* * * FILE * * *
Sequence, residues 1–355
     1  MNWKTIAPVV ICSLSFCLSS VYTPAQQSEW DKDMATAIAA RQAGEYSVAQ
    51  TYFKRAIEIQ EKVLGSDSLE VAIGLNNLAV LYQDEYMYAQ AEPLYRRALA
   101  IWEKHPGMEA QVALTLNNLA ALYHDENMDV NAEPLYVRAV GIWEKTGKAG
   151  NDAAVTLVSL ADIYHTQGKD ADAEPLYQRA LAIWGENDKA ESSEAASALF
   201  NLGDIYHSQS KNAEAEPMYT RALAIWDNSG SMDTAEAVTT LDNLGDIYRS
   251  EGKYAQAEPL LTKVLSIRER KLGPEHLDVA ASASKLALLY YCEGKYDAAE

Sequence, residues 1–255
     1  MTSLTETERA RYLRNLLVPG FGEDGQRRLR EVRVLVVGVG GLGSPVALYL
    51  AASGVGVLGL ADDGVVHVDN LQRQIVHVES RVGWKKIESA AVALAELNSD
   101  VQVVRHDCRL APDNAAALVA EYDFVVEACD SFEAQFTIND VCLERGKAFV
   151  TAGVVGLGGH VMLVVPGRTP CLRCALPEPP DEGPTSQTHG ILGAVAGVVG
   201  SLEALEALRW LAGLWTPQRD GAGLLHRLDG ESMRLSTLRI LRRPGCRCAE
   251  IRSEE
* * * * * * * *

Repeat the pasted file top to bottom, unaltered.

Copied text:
Sequence, residues 1–355
     1  MNWKTIAPVV ICSLSFCLSS VYTPAQQSEW DKDMATAIAA RQAGEYSVAQ
    51  TYFKRAIEIQ EKVLGSDSLE VAIGLNNLAV LYQDEYMYAQ AEPLYRRALA
   101  IWEKHPGMEA QVALTLNNLA ALYHDENMDV NAEPLYVRAV GIWEKTGKAG
   151  NDAAVTLVSL ADIYHTQGKD ADAEPLYQRA LAIWGENDKA ESSEAASALF
   201  NLGDIYHSQS KNAEAEPMYT RALAIWDNSG SMDTAEAVTT LDNLGDIYRS
   251  EGKYAQAEPL LTKVLSIRER KLGPEHLDVA ASASKLALLY YCEGKYDAAE

Sequence, residues 1–255
     1  MTSLTETERA RYLRNLLVPG FGEDGQRRLR EVRVLVVGVG GLGSPVALYL
    51  AASGVGVLGL ADDGVVHVDN LQRQIVHVES RVGWKKIESA AVALAELNSD
   101  VQVVRHDCRL APDNAAALVA EYDFVVEACD SFEAQFTIND VCLERGKAFV
   151  TAGVVGLGGH VMLVVPGRTP CLRCALPEPP DEGPTSQTHG ILGAVAGVVG
   201  SLEALEALRW LAGLWTPQRD GAGLLHRLDG ESMRLSTLRI LRRPGCRCAE
   251  IRSEE